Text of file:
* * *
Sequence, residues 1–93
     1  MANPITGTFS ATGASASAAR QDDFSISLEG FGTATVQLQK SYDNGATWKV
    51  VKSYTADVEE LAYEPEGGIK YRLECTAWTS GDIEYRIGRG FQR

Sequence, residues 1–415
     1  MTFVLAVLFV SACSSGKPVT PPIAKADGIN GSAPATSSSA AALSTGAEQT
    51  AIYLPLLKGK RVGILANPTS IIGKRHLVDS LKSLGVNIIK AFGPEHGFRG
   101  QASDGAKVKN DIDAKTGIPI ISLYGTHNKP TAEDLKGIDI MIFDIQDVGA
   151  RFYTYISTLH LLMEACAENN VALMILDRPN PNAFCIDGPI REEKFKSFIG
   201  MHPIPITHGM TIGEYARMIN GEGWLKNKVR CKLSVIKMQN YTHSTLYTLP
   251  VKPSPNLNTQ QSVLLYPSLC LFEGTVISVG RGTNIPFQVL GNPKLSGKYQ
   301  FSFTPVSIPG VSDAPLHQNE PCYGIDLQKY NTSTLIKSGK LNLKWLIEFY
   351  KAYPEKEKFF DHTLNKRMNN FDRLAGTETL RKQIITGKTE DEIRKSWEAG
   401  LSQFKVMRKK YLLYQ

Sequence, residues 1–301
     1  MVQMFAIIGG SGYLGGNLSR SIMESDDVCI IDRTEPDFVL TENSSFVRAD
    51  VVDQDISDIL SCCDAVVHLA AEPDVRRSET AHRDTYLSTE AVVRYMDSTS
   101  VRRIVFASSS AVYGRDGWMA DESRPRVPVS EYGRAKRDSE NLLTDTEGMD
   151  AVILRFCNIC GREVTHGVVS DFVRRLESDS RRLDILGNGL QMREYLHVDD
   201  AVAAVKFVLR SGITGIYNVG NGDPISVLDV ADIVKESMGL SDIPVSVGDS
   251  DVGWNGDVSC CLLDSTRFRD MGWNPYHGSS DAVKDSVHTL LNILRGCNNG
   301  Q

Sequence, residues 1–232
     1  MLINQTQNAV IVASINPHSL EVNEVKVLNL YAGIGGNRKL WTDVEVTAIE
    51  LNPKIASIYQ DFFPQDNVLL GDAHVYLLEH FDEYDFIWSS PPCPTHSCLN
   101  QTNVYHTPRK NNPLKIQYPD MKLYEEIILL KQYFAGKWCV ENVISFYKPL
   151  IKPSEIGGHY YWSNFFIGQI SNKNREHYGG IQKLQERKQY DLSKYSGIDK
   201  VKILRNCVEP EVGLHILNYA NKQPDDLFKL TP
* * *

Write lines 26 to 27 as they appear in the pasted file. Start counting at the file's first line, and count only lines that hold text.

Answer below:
   151  IKPSEIGGHY YWSNFFIGQI SNKNREHYGG IQKLQERKQY DLSKYSGIDK
   201  VKILRNCVEP EVGLHILNYA NKQPDDLFKL TP